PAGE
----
Customer-related considerations (demand) Optimal length of cruise, shore time/sail time balance ‘Must see’ destinations, guest satisfaction Seasonality Synchronization with air transfers Spending behavior and budget Operational considerations (supply) Number and order of port calls Determination of turn ports (+ synchronization with air transfers) Vessel speed and vessel size Berth capacity, accessibility of ports Distances between ports of call Strategic considerations Demographics of customer base Itineraries of competing cruise operators Anticipation of growth markets Supply push to create new cruise markets Revenue-generating potential of daytrips, onboard facilities, etc..

20 The Advantages of Mobile Assets: Types of Itineraries
Perennial Resilient demand (with high/low periods) Stable weather conditions Seasonal Periodic market potential Usually summer Repositioning Between perennial or seasonal markets Mostly between the Caribbean and the Mediterranean

21 A complex vessel deployment strategy Silver Wind (Silversea Cruises), LOA = 157m, beam = 21.5m 296 guests in very luxurious conditions Source: data adapted from Cruise Market Watch. No. of port calls Source: own compilation based on schedules

22 Simple vessel deployment strategies
Source: data adapted from Cruise Market Watch.

23 Cruise Passengers Visits, Caribbean, 2011
Source: data adapted from Cruise Market Watch.

24 Selected Cruise Itineraries, Caribbean
3-5 nights / 2-3 port calls Geography History / Culture Market proximity 7 nights / 3-5 port calls

25 Cruise Passengers Visits, Mediterranean, 2011

26 Selected Cruise Itineraries, Mediterranean
World class cultural amenities Market proximity Diversified sub-regions

27 Functional Typology of Cruise Ports
Destination Cruise Port Gateway Cruise Port Balanced Cruise Port The cruise port is the sole destination. Limited, if any, excursions outside port area. The cruise port is not a destination, but a point of embarkment (turn port). Excursions outside port area. The cruise port is a destination and a point of transit for excursions. High quality cultural or physical amenities. No other significant amenities in proximity. Security and safety issues. No significant cultural or physical amenities. Port servicing major touristic destination. Various balances between the amenities offered at the port and in the region. Venice, Barcelona, Labadee (Haiti), Cococay (Bahamas) Civitavecchia, Livorno Miami, San Juan, Nassau, Piraeus, Lisbon Source: typology expanded from Gui, L. and A.P. Russo (2011) “Cruise ports: a strategic nexus between regions and global lines—evidence from the Mediterranean”, Maritime Policy & Management, Vol. 38, No. 2, pp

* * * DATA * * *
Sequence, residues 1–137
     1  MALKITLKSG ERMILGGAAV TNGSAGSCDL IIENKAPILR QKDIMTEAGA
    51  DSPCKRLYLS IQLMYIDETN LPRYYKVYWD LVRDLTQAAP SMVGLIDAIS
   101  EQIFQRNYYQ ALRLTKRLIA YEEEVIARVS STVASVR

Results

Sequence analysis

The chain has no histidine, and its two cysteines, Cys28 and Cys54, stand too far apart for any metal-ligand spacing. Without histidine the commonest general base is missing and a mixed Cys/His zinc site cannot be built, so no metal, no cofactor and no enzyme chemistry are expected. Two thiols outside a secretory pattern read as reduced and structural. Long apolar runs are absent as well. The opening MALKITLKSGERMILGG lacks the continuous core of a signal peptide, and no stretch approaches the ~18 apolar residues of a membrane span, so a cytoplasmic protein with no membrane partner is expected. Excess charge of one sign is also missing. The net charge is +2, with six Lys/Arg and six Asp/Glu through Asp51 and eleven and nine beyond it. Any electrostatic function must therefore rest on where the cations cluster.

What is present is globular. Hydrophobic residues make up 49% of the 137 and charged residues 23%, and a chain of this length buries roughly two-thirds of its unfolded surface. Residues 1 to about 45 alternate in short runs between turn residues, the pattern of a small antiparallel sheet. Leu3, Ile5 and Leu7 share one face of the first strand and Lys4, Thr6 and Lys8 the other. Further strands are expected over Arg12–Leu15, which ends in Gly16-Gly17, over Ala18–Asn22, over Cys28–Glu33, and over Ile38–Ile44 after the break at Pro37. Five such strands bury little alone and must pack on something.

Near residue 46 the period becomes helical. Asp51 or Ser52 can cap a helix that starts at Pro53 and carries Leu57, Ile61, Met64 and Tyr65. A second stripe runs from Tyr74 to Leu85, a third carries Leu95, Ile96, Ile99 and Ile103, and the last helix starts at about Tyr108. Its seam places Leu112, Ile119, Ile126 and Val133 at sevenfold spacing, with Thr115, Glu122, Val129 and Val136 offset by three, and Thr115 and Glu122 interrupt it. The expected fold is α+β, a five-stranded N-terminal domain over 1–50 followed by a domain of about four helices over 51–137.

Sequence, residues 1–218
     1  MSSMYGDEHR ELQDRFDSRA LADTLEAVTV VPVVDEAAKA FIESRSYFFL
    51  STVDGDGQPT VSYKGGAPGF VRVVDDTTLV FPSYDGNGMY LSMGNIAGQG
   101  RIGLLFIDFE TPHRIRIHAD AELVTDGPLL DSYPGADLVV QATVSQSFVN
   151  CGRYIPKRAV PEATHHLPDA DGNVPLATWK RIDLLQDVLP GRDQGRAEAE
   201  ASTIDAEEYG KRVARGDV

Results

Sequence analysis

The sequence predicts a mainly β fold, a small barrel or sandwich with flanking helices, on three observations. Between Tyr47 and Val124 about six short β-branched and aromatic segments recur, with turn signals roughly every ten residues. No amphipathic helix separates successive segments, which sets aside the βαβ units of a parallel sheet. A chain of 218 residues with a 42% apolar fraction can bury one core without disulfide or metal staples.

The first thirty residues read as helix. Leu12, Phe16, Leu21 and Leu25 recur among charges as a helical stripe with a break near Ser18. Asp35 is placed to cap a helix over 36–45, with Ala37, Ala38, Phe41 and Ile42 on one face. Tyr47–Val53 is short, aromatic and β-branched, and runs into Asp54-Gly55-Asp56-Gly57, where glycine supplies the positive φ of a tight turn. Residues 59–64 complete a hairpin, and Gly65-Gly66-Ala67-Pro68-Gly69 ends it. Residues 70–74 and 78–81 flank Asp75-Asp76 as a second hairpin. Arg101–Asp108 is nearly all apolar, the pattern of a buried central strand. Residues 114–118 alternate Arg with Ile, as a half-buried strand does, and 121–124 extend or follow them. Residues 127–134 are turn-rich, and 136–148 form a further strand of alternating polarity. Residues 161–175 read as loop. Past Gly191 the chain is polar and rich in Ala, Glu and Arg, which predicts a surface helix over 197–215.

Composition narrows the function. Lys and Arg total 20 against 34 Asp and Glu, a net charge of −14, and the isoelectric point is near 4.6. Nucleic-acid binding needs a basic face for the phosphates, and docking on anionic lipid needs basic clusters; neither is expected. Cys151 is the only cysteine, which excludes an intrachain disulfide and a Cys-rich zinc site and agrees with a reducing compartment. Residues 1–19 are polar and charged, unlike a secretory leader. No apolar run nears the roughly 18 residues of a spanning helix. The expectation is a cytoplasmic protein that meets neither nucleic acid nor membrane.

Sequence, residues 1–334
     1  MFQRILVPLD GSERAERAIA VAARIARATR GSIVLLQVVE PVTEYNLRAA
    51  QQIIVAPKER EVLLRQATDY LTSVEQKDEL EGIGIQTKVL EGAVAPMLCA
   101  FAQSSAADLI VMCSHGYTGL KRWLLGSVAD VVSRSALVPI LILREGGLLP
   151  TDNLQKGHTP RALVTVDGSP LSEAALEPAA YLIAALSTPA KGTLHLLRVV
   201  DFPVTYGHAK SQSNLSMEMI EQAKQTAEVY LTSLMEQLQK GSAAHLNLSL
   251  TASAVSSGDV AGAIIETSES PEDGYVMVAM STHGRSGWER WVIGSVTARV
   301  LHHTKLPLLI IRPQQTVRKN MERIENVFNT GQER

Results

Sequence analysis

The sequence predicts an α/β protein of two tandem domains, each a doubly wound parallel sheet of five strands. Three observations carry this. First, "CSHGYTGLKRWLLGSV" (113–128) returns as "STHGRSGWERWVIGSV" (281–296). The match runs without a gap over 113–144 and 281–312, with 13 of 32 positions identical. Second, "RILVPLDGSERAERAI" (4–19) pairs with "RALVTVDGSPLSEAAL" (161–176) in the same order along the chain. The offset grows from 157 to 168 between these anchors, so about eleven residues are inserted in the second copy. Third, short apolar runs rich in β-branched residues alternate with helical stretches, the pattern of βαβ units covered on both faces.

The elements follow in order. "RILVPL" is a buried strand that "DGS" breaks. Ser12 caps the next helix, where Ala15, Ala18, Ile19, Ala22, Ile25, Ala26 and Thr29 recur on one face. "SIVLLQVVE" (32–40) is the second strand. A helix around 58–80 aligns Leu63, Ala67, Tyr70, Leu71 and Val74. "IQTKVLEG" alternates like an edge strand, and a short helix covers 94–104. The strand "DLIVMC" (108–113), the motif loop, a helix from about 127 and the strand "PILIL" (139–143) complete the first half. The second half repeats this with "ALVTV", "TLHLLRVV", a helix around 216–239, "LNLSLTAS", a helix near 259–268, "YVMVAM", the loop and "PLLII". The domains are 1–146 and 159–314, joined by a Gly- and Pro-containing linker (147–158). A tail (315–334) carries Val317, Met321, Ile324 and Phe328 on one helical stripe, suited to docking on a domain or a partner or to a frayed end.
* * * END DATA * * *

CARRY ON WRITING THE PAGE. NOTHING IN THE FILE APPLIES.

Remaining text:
28 Most Active Cruise Ports by Passenger Visits, 2011
Source: data adapted from Cruise Market Watch.

29 Is the Future Co-Location? Ensenada Cruiseport Village (HPH)

30 Conclusion: Live by the Supply, Perish by the Supply?
Unique characteristics of the cruise industry: Supply push strategy of cruise operators; ‘creating’ demand by providing new capacity (ships). Itineraries, not destinations. Specific regional and cultural experiences offered through a combination of sailing time and choice of ports of call. Expand and capture revenue streams by offering on board goods and services as well as shore-based excursions. Adapt to seasonal and fundamental changes in the demand; repositioning ships (seasonal) and changing the configuration of port calls (fundamental).

31 Thank you for your attention